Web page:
LulzSec, the hacker network that gained notoriety over the last few weeks thanks to leaking large databases of user names and passwords from a wide variety of sites and service, now faces a leak of its own. The Guardian received and published logs from LulzSec’s own private chatroom today that give us a bit more…
The last few months saw the public rise of a new hacker group that works under the name Lulzsec. So far, they have hacked into networks from organizations that range from Sony BMG to Nintendo, Pron.com and PBS. In doing so, they have retrieved thousands of names, passwords and other personal data from unsuspecting users. While most of these organizations then go on and sell this information on the black market, Lulzsec regularly releases all of the data it collects online (they are, after all, just doing it for the ‘lulz’). Now, a new tools helps you to find out if any of your own personal data was made public in one of these leaks.
Have you this kind of comment lately: “Wow, Thats kinda crazy when you think about it dude” or “Wow, this really does make a lot of sense dude. Wow.” Usually it is followed by a link to a site like www.net-privacy.at.tc, www.anonymize.edu.tc or www.anon-tools.tk. You’re not alone. Virtually every high-profile site on the Internet that features comments is currently full of messages like these. Of course, comment spam is nothing new, but these guys are not only targeting high-profile sites – their comments actually make it onto these sites with alarming regularity and most are never removed by the site owners.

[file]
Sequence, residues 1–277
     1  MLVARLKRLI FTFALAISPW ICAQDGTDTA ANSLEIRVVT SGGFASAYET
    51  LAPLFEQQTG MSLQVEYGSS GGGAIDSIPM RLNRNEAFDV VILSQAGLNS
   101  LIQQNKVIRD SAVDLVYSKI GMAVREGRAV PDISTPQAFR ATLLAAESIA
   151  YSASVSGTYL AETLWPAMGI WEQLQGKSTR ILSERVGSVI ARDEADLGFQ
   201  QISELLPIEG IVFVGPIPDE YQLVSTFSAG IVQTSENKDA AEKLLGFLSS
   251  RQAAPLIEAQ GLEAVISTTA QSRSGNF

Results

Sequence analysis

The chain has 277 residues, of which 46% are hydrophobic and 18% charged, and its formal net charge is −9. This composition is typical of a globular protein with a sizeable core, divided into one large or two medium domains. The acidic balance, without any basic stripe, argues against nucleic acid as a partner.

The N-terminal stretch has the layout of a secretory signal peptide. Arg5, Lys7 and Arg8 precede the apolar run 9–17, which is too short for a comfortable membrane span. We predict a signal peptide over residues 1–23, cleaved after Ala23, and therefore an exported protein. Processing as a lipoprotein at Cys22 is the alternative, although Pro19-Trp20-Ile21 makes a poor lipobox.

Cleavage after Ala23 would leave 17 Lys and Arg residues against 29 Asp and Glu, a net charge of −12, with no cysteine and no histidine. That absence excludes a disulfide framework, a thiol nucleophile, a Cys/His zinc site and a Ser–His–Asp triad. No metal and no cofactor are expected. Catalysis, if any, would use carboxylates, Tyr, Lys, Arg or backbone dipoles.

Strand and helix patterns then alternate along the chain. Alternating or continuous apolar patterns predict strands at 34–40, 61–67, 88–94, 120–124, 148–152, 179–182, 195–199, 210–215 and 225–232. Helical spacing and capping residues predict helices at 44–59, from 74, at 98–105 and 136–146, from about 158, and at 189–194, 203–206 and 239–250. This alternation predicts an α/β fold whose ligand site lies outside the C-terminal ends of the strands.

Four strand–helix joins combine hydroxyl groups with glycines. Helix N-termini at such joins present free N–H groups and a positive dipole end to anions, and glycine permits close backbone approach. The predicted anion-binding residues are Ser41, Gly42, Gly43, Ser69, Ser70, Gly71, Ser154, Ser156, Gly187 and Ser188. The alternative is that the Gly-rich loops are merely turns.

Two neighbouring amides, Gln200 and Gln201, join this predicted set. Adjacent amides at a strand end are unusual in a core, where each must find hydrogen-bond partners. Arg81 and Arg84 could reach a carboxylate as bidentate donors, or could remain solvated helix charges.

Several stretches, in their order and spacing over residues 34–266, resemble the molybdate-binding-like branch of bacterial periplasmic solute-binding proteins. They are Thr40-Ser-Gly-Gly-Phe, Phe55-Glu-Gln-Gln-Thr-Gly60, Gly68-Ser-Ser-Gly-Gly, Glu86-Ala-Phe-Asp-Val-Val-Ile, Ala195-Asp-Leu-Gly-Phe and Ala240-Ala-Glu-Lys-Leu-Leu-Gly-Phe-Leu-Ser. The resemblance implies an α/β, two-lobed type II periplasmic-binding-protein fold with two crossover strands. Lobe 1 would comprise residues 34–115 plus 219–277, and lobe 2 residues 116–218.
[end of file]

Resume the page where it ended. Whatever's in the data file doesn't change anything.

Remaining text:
Most Android phones allow users to protect their phones from unauthorized access by drawing a pattern on their device’s touchscreens. According to a team of researchers from the University of Pennsylvania, however, these graphical passwords are actually extremely easy to crack, as “oily residues, or smudges, on the touch screen surface, are one side effect of touches from which frequently used patterns such as a graphical password might be inferred.”